What if bound delegates break rules?Submitted by Plopper on Sat, 05/05/2012 - 06:40
If delegates who are bound to vote for candidate X, instead vote for candidate Y, wouldn't that vote still count and be legally respected as the decision of the convent? Afterwards, the party could complain against the individuals which it thinks has misused their authority, but that won't affect the legality of the actual convent's nomination.
Let's compare it to selling a car (nominating candidate):
If I give someone power of attorney to sell my car (if I send a delegate to a convent) and tell him to demand at least $15,000 (demand that he is bound to vote for Mr X). But he then sells it for $10,000 (votes for Mr Y) then I can sue him for the missing $5,000 afterwards (sue my delegate for, I don't know what). But the car is sold (candidate has been nominated) the buyer of the car is the proper owner and doesn't need to care about what I demanded of the one who represented me (the national convent decides by counting the individual votes of the delegates, no matter what instructions their states have bound them by).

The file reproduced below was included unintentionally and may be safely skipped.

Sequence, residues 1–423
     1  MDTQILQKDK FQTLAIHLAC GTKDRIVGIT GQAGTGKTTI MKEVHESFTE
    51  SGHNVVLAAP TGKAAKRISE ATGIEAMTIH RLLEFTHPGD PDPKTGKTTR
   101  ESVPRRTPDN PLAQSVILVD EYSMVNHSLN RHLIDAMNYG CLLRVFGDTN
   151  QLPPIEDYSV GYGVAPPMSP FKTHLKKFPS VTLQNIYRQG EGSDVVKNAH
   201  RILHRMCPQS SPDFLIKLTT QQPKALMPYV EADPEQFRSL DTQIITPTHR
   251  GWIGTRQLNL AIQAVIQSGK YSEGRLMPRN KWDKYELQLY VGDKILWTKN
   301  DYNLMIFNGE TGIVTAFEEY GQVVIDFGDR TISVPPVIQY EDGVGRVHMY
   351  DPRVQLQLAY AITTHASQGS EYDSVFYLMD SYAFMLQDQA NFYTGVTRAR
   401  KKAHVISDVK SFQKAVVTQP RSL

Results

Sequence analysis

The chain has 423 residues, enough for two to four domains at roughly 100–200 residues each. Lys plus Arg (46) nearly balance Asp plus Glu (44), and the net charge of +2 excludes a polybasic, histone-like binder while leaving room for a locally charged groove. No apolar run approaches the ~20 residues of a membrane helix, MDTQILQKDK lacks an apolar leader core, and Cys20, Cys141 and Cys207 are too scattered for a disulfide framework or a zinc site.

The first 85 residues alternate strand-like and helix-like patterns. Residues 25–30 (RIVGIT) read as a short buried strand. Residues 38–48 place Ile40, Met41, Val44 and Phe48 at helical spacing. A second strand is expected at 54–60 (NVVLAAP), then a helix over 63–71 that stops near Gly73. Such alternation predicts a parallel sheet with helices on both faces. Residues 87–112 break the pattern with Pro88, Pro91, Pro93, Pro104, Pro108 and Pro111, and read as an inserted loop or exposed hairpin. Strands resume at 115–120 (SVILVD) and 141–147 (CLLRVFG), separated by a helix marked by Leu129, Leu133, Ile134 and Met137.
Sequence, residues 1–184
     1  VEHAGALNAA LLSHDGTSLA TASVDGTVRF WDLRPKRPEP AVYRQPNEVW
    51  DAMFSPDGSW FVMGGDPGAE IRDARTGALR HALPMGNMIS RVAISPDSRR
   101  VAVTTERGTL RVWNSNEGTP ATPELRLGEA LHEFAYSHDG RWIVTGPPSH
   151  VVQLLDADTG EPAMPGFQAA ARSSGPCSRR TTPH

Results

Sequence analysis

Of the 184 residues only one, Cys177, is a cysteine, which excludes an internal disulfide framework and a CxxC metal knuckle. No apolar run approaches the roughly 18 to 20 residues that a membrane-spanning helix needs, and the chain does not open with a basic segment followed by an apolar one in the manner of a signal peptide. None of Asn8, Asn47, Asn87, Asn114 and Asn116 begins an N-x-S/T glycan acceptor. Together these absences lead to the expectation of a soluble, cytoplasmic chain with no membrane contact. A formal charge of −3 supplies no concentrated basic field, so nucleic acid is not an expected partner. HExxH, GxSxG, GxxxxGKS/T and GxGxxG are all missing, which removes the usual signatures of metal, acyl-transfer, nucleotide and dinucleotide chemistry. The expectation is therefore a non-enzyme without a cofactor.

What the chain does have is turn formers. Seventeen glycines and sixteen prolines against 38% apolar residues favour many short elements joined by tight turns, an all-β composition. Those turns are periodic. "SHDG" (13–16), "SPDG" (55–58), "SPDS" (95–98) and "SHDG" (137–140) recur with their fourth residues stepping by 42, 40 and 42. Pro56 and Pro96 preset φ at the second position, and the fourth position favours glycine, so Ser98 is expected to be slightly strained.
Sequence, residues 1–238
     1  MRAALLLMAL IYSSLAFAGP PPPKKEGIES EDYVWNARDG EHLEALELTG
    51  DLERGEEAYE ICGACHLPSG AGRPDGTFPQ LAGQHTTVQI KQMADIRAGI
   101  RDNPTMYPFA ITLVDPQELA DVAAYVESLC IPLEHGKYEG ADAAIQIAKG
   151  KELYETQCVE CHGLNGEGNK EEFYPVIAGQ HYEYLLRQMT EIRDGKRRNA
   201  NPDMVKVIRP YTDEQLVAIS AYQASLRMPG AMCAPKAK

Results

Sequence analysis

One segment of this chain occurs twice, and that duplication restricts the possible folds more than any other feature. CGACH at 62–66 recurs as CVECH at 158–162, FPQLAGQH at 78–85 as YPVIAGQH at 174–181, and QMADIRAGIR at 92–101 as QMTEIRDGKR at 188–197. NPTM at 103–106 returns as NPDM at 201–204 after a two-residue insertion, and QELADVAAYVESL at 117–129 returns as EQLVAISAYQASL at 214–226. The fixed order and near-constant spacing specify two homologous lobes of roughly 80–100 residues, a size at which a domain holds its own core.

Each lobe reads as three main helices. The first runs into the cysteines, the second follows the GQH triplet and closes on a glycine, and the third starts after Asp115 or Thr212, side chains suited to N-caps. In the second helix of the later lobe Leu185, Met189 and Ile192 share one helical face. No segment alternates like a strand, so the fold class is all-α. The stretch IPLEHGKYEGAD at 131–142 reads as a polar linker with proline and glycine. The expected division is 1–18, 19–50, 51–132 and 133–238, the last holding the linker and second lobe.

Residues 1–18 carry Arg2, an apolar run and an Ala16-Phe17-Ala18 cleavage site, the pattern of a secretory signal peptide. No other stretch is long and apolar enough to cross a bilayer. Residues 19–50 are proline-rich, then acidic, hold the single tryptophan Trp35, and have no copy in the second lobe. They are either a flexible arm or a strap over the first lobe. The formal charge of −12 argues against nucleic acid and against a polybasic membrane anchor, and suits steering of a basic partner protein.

If the party on state level somehow sues its delegates for having misrepresented them at the convent in Tampa, then there's time to discuss rules in detail to find out if that's correct. And I doubt that the result can be worse than that those delegates are expelled from party membership. And for sure, there's no way that the convent would be disqualified retroactively.
What do you think?